The prospect that Camden will resume directly electing school board members next year is most welcome.
But the fact that state supervision of the school district will continue is an unwelcome reminder of how long the city's independence has been limited by political and economic circumstances.
Perhaps not surprisingly, there's already a conflict about whether the first Camden school board vote in years ought to be held next spring, or concurrently with the general election next November. Three terms on the nine-seat body, members of which have been mayoral appointees under the state's complete 2013 takeover of the district, are set to expire in 2019.
But no matter when the election is held or who is elected, the board's role will remain advisory only, at least for now. All decision-making power will continue to rest with state-appointed acting Superintendent Katrina McCombs.
In Camden, it seems, home rule comes with an asterisk.
Consider: Mayor Frank Moran supported what struck me as a confusingly framed and worded Nov. 6 ballot question about the school board's future. By an overwhelming margin, city voters rejected the proposal to keep the status quo, thus ending mayoral appointments and paving the way for direct elections beginning in 2019.
"The people have spoken to the powers that be," said former City Councilman Ali Sloan-El. "They should listen.
"I hope the school board referendum sent a message to the mayor to come back to us — to come home to the people," he added. "The people should have the right to govern themselves."
Moran did not respond to my requests for an interview.
Sloan-El also criticized the mayor's move to nullify the city zoning board's decision granting a variance for and allowing the construction of a controversial digital billboard just north of the Benjamin Franklin Bridge on the Delaware River waterfront.
The veto, announced Nov. 5, was hailed by some as a victory for the grassroots, but Sloan-El said it reflected Moran's support for "millionaires" seeking to make money off the city.
Either way, the veto was an exercise of an extraordinary mayoral power made available under a 2002 state law that put Trenton in control of City Hall. In other words, Moran was able to overturn a decision by eight city residents who sit on the zoning board because elements of Trenton's 16-year-old takeover of the municipal government he now heads will remain in effect until 2020.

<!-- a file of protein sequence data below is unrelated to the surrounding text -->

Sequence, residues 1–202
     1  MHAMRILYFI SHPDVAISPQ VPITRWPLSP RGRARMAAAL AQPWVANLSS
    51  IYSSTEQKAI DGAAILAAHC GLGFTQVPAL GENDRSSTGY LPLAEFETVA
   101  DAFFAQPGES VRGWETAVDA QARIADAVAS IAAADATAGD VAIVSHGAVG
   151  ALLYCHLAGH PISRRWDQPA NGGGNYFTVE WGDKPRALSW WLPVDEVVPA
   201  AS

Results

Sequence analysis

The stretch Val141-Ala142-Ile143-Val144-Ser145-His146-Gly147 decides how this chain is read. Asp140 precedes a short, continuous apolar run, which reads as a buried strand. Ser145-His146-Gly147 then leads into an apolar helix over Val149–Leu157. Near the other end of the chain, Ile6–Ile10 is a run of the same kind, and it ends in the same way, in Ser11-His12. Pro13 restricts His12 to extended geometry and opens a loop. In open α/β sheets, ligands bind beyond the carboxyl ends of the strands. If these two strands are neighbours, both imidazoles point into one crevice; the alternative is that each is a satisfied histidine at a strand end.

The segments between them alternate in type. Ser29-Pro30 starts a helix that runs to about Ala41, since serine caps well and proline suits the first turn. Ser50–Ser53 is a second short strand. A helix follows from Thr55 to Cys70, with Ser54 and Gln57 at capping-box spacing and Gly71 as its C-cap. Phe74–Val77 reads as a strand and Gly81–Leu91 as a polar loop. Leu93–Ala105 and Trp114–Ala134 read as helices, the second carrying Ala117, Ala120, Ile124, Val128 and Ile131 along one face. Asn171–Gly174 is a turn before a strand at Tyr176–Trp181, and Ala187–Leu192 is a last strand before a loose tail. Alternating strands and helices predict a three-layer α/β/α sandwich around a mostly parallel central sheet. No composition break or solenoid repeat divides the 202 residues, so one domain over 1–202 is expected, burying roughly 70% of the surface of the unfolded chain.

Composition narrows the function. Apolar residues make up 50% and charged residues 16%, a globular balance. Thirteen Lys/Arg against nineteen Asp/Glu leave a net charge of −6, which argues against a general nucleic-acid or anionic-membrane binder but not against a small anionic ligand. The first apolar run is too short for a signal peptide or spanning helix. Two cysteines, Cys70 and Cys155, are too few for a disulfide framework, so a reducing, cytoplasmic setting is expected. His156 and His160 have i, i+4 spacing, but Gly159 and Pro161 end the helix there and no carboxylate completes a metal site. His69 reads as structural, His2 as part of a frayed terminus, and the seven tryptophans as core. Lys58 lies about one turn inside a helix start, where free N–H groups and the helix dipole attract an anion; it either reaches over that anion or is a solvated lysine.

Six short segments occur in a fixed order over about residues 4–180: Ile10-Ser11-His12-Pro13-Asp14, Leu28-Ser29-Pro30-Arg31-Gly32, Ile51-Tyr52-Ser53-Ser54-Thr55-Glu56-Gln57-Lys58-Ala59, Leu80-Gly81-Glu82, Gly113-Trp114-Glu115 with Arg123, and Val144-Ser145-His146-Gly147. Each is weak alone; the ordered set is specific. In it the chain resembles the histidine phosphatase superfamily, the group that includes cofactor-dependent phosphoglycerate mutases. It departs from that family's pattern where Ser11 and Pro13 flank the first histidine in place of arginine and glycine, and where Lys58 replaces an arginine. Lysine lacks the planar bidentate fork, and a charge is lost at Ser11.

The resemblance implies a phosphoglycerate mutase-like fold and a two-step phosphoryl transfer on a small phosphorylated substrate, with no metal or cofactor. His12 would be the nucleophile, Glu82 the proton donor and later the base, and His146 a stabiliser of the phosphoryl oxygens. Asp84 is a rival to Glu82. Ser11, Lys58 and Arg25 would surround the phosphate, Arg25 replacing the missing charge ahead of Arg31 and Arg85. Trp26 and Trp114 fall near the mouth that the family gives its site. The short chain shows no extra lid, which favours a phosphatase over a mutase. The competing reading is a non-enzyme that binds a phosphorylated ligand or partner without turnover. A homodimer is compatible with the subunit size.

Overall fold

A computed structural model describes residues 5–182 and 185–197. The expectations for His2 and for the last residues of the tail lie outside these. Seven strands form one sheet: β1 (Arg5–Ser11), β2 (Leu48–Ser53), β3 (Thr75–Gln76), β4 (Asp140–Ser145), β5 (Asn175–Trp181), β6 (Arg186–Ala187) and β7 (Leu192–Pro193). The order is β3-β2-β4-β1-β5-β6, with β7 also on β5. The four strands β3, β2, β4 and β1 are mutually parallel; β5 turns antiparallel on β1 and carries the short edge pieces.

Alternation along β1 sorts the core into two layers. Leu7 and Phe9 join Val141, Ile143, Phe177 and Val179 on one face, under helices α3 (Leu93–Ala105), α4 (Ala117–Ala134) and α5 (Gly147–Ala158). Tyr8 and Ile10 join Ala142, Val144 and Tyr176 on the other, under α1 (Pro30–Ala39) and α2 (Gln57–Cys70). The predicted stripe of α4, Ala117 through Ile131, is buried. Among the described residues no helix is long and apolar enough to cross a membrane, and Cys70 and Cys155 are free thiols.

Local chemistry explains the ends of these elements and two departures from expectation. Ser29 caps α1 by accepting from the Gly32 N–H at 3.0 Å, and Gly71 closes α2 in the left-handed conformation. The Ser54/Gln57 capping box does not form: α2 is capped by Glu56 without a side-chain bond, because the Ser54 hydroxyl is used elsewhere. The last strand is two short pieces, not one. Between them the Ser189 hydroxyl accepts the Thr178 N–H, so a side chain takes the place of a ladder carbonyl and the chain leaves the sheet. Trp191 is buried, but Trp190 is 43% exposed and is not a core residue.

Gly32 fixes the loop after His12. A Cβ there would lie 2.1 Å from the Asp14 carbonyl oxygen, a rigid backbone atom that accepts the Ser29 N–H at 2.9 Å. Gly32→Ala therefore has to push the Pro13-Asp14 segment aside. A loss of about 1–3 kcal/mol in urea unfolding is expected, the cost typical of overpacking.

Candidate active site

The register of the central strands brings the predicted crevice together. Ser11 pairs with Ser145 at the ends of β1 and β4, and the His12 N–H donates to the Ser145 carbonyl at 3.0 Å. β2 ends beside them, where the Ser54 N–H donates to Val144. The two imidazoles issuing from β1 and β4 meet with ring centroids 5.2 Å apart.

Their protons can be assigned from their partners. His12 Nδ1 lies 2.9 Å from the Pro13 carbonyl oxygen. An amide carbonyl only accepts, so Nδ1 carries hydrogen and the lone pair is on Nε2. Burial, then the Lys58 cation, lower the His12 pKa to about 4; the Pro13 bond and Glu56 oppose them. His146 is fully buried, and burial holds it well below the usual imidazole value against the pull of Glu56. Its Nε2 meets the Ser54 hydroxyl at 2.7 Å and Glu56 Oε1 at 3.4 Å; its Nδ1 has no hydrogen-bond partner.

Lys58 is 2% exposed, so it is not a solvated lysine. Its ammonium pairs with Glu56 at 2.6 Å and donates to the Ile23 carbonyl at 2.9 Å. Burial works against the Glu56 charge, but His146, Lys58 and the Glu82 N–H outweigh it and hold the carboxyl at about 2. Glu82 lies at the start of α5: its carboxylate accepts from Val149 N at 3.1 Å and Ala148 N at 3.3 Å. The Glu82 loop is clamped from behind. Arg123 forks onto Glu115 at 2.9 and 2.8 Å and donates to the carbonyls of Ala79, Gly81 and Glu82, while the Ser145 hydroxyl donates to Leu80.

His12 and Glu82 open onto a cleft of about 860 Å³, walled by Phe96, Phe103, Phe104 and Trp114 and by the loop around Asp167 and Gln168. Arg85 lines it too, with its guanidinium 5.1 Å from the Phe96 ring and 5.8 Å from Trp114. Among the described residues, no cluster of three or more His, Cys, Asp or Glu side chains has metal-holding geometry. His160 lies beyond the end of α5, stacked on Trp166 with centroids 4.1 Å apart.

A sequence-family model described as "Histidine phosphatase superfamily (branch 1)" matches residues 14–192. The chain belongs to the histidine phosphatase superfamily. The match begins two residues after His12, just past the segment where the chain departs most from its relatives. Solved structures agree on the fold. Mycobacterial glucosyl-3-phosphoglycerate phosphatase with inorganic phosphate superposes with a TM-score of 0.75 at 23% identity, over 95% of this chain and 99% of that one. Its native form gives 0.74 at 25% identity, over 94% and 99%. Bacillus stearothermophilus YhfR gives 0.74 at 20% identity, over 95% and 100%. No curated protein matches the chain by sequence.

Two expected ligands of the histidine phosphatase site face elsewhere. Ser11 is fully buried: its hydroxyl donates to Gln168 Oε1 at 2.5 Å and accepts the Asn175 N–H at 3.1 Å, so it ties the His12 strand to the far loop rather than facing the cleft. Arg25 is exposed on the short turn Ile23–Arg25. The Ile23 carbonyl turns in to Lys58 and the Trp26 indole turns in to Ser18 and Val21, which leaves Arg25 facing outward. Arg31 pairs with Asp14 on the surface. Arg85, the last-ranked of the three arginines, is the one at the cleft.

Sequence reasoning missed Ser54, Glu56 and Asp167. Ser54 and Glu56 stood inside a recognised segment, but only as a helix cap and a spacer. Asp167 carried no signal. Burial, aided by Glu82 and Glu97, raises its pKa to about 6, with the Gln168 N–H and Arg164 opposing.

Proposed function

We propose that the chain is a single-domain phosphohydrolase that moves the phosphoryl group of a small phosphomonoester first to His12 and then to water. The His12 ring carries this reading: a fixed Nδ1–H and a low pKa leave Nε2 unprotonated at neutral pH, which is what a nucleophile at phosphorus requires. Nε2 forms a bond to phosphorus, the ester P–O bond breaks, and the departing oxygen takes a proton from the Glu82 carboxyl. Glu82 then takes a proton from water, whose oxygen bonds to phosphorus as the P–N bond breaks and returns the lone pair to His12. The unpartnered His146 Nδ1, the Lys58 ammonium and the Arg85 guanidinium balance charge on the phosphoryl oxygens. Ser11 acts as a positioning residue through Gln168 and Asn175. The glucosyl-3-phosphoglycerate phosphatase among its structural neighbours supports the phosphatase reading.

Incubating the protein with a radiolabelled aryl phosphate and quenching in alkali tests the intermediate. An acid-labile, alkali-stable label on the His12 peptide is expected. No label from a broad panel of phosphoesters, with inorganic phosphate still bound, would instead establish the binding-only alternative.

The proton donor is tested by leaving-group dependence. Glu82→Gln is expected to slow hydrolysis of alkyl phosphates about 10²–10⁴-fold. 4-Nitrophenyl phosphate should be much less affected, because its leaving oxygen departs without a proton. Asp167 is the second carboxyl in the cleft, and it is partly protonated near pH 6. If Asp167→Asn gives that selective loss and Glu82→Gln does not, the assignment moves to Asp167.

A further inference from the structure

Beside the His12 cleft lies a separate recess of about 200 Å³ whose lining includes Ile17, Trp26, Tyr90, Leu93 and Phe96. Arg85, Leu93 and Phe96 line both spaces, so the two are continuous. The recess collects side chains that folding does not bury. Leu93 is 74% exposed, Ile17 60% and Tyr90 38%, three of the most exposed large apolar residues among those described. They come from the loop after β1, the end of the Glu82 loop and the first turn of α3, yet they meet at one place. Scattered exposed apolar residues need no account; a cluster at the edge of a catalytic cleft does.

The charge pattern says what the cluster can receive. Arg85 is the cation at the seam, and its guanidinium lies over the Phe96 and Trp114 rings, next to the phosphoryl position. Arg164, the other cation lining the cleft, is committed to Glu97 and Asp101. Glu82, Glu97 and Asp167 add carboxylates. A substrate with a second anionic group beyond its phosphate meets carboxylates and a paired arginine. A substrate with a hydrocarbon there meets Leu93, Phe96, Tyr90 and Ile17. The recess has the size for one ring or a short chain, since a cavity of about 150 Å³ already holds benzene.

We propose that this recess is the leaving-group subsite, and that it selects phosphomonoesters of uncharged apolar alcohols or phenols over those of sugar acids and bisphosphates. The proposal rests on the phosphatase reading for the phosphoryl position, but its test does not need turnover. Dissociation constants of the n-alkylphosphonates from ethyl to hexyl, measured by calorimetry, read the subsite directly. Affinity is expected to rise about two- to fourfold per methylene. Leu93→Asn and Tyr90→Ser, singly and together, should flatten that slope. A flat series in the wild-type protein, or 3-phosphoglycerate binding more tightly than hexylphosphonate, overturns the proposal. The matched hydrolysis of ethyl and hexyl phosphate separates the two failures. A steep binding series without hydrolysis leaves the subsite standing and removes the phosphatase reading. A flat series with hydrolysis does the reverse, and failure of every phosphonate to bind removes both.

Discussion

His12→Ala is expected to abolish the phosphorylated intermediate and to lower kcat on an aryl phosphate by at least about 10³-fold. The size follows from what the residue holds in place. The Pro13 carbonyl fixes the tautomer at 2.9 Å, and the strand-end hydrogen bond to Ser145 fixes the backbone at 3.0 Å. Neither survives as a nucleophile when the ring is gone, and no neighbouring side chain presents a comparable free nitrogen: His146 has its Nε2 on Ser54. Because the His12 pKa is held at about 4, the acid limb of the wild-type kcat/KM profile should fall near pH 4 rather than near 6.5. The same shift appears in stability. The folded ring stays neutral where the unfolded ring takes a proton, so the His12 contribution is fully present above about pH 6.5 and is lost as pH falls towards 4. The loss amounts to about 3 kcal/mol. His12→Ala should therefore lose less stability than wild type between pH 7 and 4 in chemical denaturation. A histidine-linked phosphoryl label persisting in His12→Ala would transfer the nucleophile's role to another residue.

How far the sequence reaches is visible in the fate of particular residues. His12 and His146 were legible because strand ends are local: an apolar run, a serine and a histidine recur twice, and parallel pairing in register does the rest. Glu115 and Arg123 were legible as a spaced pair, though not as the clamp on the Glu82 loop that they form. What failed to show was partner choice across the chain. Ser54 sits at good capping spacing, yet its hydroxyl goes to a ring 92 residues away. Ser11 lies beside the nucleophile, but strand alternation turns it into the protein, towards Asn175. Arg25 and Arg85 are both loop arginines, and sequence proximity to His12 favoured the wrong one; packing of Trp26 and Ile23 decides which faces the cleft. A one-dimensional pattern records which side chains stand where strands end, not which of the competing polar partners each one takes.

The veto — welcomed by residents in the surrounding neighborhood but galling to others inside the city — suggests how much power over Camden's affairs remains under the influence of people who don't live there. Billboard opponents included Liberty Property Trust, a nationwide development firm with headquarters in Malvern, and the Cooper's Ferry Partnership, a stand-alone, semiprivate organization that has become the city's de facto redevelopment agency.
Moran is hardly an outsider. But his political career has been shepherded by the Camden County Democratic organization, making him vulnerable to criticism of being under the thumb of George E. Norcross 3d, one of the most powerful Democrats in the state.
"It is clear that [Moran] is not his own man," billboard company owner Drew Katz was quoted as saying after the veto.
Lewis Katz, his late father, had been an owner of the parent company of the Inquirer and Daily News at the time of his death in 2014 and was sometimes a Norcross ally and at other times a rival. Drew Katz told the Tap into Camden website that Moran "has chosen to side with those who receive tax credits and give nothing back" to city residents.
That seemed to some (me included) as a reference to the array of developers Norcross, and hefty state incentives, have been instrumental in attracting to the waterfront and downtown.
"While George does not know to whom that statement applies, it clearly does not apply to him, as [he] has been one of Camden's largest cheerleaders and benefactors," Dan Fee, a spokesperson for Norcross. said by email Friday.
The younger Katz has described the 16-story billboard as consistent with the philanthropic legacy of his dad, who was born and raised in the city. He said billboard proceeds after expenses would underwrite in perpetuity the Camden Charitable Funding Project, a foundation set up to disburse grants to qualified Camden nonprofit organizations.
But Moran's veto characterized the billboard as "a substantial detriment to the public good" — mainly for its potential negative impact on waterfront and neighborhood redevelopment.
The veto was made from "a development perspective," said activist and educator Keith Benson, president of the 1,200-member union representing Camden school district teachers. "Nonprofits are always strapped for cash and are essential [service providers] to people who live here. By the mayor saying no, a lot of people have missed out on opportunities."
As for the school board, "the election should be in the spring," said Benson.
"I know the game they're playing. They want the advantage of bracketing [Norcross-supported] board candidates" with other party candidates on the November ballot, he added.
McCombs — a proud product of the city school system — has not yet decided when the election should be held, district spokesperson Maita Soukup said, adding that the matter may well come up at the Nov. 20 meeting of the board.